How to reduce stress around the holidays

A retro woman shopping with bags illustration
Photo by studiostoks/Shutterstock

Tis the season to be jolly. Also, stressed. Along with all the nice parts of the holidays (the gifts, the parties, the food), there are also a lot of stressful parts (buying the gifts, planning the parties, making the food). So while this is one of the most magical times of year, it can also be one of the most difficult.

But letting the stress of the season get to you defeats the whole purpose of the holiday. Joy and loved ones are meant to be at the core of this season. If you find that your sense of peace and fellow-feeling has been replaced by a giant ball of stress, you might need to hit the reset button and find a way to manage your holiday anxiety. Fortunately, we have a few tips that may help make managing the holiday season a little more bearable.

Learn to be zen in a crowd

One of the most widely reported stressors over the holidays is the masses of crowds and lineups that seem to appear in every public space. Navigating stores and sterets when the people around you are in a gift-buying frenzy (or you’re in one yourself) is difficult, but learning to manage your stress in these situations is totally worth it. So what should you do when you’re trapped in a stressful, crowded area? First things first: breathe. If you feel tension starting to rise, take a few deep breaths and remind yourself that calm comes from within. Next, focus on getting to where you need to go without rushing. In fact, hold yourself back. Move slowly instead of competing aggressively with others over space. If you find yourself in a long line, pop in your earbuds and appreciate the extra time to listen to a podcast or some music. Living in the era of the smartphone means lineup boredom is a thing of the past.

Focus on what’s really important

Sure, getting to the front of a store lineup, or getting your dinner in the oven on time, or getting your kids into their perfectly coordinated holiday outfits can can feel like issues of life-or-death importance, but if you’ve ever heard someone mention first-world problems, this is what they’re talking about. So if you didn’t manage to get your centrepiece done in time for a big family dinner, or if you forgot to remove the tags from a gift you’ve already wrapped, it’s time to embrace the two most important words in the English language: who cares? As much as it may seem like holiday preparations are consuming your life, when you look at the big picture, most of the things we worry about during this season are unimportant. And strangely, one of the best ways to de-stress is to stop focusing on your to-do list and take a moment to think of others. Make a donation to Doctors Without Borders to help Syrians in crisis, or volunteer to help serve meals at a shelter. Once you’ve done that, you’ll realize that your imperfectly cooked turkey isn’t a travesty—it’s a funny family story that will be told for years to come.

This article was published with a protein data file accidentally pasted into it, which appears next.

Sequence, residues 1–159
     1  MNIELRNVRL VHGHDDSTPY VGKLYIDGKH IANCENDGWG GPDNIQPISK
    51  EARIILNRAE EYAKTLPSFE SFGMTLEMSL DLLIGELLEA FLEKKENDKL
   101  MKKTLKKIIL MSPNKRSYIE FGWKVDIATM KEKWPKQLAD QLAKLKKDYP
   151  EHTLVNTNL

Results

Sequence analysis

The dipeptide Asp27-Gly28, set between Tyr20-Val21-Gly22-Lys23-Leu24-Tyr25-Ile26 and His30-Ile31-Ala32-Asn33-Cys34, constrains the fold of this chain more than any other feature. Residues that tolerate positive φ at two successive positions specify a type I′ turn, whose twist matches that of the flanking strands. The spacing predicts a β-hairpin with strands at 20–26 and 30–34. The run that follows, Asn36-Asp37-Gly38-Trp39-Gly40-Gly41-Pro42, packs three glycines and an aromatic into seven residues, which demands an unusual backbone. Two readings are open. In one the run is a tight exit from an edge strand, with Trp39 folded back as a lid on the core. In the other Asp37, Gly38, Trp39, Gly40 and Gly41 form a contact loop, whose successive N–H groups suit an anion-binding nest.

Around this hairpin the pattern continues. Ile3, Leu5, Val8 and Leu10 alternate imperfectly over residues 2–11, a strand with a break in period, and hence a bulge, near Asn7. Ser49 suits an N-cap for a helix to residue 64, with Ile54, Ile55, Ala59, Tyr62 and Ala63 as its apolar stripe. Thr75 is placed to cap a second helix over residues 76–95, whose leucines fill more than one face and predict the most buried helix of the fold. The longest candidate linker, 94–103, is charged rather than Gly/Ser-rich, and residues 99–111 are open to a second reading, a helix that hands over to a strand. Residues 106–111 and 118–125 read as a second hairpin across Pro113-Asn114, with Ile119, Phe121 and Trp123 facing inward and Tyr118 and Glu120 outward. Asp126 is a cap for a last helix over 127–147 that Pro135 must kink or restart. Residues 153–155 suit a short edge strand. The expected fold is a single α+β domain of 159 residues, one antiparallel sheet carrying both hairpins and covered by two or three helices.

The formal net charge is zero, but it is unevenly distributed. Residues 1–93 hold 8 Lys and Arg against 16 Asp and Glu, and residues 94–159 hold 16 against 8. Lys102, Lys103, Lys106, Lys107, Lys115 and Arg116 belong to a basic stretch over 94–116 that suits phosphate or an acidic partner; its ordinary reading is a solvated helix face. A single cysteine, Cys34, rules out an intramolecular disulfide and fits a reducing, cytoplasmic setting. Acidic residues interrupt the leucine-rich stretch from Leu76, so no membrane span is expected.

Don’t spend more than you feel comfortable with

Money stresses are huge during the holiday season. Whether it’s buying gifts or grabbing takeout because you have no time to cook, this time of year can be expensive. Worst of all, money issues tend to make us want to run away and hide instead of facing them head-on. But, as always, facing the issue head-on will lead to less stress in the long run. So take a look at your finances and what you have to spend, and make a budget. If you can’t afford to buy a gift for your third cousin, don’t sweat it. If you feel strapped cash and can’t buy gifts for everyone, we recommend buying or making cards for friends and family—and putting real thought into them. What many of us want from friends and family are words of humour, love, and acceptance, and that is a gift you can give no matter how much money you have.

Try having an un-holiday get-together

For some people, almost every aspect of the holidays can be stressful or unpleasant: the music, the crowds, the colours, the gifts. If you break into a cold sweat when you hear “Jingle Bells” and feel your heart race when you smell gingerbread baking, you might need a break from the holidays altogether. So instead of going to a holiday party, try having an un-holiday party. Get some friends together and hang out with just one rule: no one is allowed to talk about the holidays. Instead, watch a non-seasonal movie, drink a non-seasonal beverage, and bring your focus back to the things you love about your everyday life. Taking a break from all things seasonal will give you a needed boost—maybe even enough of one that you’ll be able to face a mall full of Christmas muzak again.

Get some exercise

Exercise may be the most reliable stress-busting activity there is. So if you’re buzzing with stress energy, it’s possible that you might just need to work it out (literally). Just going out for a brisk walk is enough to help clear a fog of swirling thoughts. And if you’re stuck in a stressful family situation, heading out for a walk or run offers a much-needed escape. Plus, let’s face it: no one at the gym is thinking about whether it’s you or your sister makes better gravy. So adopt that mindset for an hour and get active.

Listen to your gut and go with the flow

Feel like ditching your plans to make a fancy dinner and ordering takeout Chinese food? Do it. Not up for yet another holiday party? Skip it. Instead of pushing yourself to have the “perfect holiday,” do what feel right for you. As Bruce Lee said, “Notice that the stiffest tree is most easily cracked, while the bamboo or willow survives by bending with the wind.” So make like a willow and bend to your own whims this season. You’ll be happier for it.


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